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Health Care Reform:

Health Insurance & Affordable Care Act

Reviewed by Lisa Zamosky

WebMD Health News

Affordable Care Act: Your Top 8 Questions Answered

Oct. 2, 2013 -- To help readers on Day 1 of open enrollment for the health insuranceMarketplaces, WebMD hosted a live chat to answer their questions about the Affordable Care Act. While our expert panel fielded a range of subjects, the eight topics below came up most often. Our weekly series of live chats will continue Oct. 8 at noon. You also can go here to ask a question or search for more answers.

1. Who can sign up for insurance in the new Marketplaces?

The new health insuranceMarketplaces, also known as Exchanges, are mostly for people who buy insurance on their own and for people who don’t have any insurance.

People with COBRA can also shop in their state's Marketplace.

If you have insurance through your employer, you probably don’t have to do anything. But if your insurance costs more than 9.5% of your income or it doesn’t cover an average of 60% of your medical expenses, you can shop for insurance through your state’s Marketplace, and you may qualify for federal tax credits.

If you have insurance through Medicaid, Medicare, or another government program, you won’t be eligible to buy insurance in the Marketplace.

2. How do tax credits work?

Tax credits are only available on health plans purchased through the Marketplaces. If you are single and you make less than about $46,000, or if you are a family of four and you make less than about $94,000, you may get a tax credit from the government to help pay your premium.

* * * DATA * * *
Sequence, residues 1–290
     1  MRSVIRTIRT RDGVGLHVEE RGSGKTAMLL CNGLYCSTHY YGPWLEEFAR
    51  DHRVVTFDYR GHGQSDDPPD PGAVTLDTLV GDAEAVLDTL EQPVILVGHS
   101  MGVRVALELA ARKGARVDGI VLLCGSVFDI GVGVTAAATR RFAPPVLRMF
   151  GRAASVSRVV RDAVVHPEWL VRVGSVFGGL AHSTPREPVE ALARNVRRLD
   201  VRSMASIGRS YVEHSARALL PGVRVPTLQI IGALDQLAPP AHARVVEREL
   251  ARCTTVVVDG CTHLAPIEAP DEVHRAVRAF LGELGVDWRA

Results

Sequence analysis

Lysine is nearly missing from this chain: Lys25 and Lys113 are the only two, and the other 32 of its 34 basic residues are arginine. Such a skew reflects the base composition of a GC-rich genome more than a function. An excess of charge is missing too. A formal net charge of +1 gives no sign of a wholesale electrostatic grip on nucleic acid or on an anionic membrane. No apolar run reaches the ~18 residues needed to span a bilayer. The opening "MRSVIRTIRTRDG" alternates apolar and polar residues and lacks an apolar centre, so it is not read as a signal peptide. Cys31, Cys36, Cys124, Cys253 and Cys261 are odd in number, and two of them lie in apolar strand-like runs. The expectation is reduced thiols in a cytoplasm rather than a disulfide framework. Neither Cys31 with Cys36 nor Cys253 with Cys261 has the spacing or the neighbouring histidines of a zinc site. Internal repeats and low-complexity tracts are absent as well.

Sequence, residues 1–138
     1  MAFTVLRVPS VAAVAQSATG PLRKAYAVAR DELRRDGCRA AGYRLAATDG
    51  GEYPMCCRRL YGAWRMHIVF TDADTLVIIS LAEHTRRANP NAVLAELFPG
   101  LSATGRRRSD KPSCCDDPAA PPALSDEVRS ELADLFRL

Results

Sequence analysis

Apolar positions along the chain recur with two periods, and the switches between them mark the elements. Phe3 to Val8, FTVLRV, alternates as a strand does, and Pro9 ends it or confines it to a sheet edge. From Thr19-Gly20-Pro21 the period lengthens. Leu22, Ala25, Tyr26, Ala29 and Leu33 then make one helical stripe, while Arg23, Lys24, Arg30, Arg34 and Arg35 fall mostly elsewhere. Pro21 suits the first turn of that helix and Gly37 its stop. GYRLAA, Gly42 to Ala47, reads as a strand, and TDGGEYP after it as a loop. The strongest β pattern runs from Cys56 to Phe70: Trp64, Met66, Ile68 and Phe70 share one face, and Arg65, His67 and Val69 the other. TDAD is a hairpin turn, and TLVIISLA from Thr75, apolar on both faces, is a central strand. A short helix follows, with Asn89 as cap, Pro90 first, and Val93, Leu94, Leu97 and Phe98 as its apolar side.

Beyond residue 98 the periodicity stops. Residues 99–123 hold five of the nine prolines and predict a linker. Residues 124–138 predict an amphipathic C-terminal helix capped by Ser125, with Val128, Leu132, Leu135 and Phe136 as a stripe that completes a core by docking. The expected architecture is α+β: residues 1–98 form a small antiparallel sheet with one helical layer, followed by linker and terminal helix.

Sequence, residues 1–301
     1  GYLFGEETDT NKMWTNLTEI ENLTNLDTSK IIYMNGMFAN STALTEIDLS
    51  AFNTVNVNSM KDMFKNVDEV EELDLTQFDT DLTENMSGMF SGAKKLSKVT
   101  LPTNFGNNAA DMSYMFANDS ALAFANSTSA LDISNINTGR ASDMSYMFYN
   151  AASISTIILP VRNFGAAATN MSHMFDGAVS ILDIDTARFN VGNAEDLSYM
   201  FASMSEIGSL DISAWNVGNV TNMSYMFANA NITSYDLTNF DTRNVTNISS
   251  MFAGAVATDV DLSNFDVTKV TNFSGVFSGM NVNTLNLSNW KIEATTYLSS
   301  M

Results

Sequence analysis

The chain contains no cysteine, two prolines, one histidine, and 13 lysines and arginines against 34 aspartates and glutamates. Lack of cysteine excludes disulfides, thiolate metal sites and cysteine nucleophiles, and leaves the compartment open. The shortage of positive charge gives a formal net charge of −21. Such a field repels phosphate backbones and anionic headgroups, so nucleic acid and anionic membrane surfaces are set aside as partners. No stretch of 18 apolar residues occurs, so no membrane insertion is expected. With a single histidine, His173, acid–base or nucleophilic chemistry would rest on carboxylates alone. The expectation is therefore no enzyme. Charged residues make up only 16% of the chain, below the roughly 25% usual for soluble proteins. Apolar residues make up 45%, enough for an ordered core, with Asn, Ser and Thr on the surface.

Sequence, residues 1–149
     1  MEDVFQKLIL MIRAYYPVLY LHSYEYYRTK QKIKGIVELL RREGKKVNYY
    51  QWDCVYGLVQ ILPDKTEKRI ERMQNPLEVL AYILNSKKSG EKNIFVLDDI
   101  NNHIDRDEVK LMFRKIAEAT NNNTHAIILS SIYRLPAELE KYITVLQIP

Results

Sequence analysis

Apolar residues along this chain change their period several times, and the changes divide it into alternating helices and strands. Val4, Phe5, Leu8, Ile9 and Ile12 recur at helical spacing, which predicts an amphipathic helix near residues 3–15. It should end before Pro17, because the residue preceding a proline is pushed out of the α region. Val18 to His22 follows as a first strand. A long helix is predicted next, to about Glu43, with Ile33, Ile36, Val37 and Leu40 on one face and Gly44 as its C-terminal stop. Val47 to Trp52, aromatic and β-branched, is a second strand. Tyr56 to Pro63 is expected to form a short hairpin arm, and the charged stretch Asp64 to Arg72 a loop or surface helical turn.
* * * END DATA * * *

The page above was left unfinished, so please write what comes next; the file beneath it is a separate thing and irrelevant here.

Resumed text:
When you enter your personal information and income, you’ll find out if you're eligible for credits.

Tax credits can be taken in three ways. You can apply it entirely to your premium to pay the lowest possible cost for coverage. You can apply part of it during the year and take the rest at tax time. Or you can pay your full premium throughout the year and use the credit as a deduction at tax time.

3. How is income calculated when you apply for insurance?

The income used to figure out if you are eligible for a subsidy is modified adjusted gross income (MAGI). That means your household income after deductions and other credits. For most people, MAGI will be the same as adjusted gross income, or AGI.

Here’s where you can find your AGI, depending upon the tax form you use:
Form 1040 EZ - Line 4
Form 1040A - Line 22
Form 1040 - Line 38

Latest Health Reform News

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